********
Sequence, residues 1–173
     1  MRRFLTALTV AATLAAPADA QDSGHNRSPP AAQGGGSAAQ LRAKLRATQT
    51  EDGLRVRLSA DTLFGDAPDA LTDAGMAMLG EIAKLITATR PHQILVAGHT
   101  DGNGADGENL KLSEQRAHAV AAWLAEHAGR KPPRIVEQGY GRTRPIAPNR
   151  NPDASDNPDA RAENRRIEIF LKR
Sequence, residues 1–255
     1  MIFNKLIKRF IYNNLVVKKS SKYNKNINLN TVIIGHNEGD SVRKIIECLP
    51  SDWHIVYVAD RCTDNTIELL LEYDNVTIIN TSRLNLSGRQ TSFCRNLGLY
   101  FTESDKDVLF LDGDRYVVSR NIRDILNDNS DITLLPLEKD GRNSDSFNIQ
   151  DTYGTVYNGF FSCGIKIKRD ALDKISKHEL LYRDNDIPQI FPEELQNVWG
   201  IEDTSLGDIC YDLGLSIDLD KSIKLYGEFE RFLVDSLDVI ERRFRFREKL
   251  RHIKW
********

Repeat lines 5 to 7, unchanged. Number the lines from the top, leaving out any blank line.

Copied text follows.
   151  NPDASDNPDA RAENRRIEIF LKR
Sequence, residues 1–255
     1  MIFNKLIKRF IYNNLVVKKS SKYNKNINLN TVIIGHNEGD SVRKIIECLP